The movie's crime is not that it tries to introduce satire and parody into an otherwise perfectly acceptable idea for a superhero movie, but that it does it so awkwardly. Bateman's character, for example, wants to change the world for the better and is frustrated that he cannot do so. He works to improve Hancock's public image because he sees in him great potential to do what he cannot. Nevertheless, this thematic point is played largely for its sit-com style absurdity in the first part of the movie, and then pretty much disappears during the second (along with Bateman himself, oddly), before popping back up at the end and making an attempt at being somewhat meaningful.

At the end, Hancock turns out to be a fairly decent movie, but the path it travels to get from the first scene to the last is winding and strange. I guess if nothing else, it's an example of how a highly problematic movie can get reworked into oblivion and not wind up a complete disaster.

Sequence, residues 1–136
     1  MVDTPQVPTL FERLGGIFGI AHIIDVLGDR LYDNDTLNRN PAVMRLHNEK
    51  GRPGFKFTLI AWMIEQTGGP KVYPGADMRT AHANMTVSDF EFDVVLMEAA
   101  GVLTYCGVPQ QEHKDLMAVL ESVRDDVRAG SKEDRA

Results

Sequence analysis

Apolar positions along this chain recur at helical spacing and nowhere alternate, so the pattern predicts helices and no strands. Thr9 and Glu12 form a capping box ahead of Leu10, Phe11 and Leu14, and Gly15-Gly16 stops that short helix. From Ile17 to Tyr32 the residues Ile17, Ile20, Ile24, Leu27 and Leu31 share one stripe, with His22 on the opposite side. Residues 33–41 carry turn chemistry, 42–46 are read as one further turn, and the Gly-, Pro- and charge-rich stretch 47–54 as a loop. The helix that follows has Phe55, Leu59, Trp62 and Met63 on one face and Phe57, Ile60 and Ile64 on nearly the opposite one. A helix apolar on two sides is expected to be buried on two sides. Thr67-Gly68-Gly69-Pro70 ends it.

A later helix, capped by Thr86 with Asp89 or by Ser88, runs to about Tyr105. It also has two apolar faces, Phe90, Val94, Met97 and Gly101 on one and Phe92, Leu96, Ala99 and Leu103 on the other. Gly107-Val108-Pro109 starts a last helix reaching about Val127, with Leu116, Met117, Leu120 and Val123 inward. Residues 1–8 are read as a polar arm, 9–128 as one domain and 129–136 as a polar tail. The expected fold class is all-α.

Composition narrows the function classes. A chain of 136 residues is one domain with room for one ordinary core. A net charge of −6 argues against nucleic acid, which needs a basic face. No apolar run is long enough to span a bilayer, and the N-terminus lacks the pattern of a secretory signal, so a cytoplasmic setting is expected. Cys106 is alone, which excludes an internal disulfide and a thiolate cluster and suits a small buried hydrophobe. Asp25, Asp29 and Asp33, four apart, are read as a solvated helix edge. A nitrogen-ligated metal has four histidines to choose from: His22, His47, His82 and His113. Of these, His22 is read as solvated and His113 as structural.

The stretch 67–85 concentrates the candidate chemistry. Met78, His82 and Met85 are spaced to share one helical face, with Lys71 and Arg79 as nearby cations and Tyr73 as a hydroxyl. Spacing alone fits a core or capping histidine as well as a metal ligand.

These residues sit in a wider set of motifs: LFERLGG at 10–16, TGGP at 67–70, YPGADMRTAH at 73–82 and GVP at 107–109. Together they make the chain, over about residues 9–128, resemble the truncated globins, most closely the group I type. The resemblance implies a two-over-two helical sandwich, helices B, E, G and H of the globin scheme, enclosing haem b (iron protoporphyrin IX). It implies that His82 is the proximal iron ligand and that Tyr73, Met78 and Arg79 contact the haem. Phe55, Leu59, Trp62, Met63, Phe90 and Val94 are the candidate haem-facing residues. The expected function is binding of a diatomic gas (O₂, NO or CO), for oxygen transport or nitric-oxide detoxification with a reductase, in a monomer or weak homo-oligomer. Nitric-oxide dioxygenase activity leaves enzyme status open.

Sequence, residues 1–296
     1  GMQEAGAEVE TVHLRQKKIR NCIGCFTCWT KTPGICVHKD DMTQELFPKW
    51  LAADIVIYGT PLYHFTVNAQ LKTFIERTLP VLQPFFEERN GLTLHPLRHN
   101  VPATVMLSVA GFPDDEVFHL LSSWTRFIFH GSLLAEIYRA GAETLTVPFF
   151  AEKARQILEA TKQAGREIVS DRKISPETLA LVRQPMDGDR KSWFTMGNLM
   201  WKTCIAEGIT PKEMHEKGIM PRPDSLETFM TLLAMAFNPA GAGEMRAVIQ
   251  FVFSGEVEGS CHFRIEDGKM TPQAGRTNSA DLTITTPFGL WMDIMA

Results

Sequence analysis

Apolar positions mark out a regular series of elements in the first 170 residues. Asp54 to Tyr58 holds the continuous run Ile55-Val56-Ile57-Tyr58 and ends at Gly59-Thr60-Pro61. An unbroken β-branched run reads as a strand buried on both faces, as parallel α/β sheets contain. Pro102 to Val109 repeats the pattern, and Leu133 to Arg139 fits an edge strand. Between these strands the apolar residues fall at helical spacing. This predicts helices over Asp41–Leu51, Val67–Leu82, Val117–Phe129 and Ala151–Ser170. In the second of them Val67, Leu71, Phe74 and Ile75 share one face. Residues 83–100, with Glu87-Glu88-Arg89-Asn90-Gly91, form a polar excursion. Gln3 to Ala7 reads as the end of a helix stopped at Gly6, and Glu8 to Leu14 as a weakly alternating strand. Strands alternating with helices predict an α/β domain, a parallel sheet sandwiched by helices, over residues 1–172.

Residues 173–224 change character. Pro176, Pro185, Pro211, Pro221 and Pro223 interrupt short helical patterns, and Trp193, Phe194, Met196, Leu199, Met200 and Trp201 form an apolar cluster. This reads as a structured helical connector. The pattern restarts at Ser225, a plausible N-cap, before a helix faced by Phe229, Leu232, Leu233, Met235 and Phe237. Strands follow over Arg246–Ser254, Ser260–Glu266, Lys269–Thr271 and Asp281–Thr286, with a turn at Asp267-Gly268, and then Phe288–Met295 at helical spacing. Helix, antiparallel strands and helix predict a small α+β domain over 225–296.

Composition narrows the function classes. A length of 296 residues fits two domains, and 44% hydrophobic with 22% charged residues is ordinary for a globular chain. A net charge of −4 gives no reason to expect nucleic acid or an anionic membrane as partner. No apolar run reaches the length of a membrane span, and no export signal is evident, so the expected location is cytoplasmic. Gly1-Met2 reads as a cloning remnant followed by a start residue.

July 3, 2008

Wanted (07/03/08)

Lettergrade: C

Wanted takes the anti-society ennui of Fight Club and mixes in the cool-ass, logic-defying style action of the Matrix trilogy. The result is a movie that's mildly fun, but largely empty. These days I don't get excited for films that are about cool shots and shit blowing up (or at least, not as much as I used to), and as such I have to rate this one as a solid "meh." I'm not sorry I saw it, necessarily, but I don't believe my life has been enriched for having bought the ticket either.

Early in the movie, we are introduced to James McAvoy, who's life sucks in the way that angsty, twenty-something movie characters' lives usually do. He hates his obnoxious boss at his monotone job, and his surprisingly attractive girlfriend is secretly banging his astonishingly unattractive friend Barry. One night at a White Hen Pantry, he meets the heavily tatooed Angelina Jolie, who says that his long-absent father was actually a super-secret assassin who was killed the other day in the line of duty. Apparently McAvoy has super-abilities too (such as being able to shoot wings off of flies and jump over tall shit, etc) that he was never aware of until now (for completely unexplored reasons).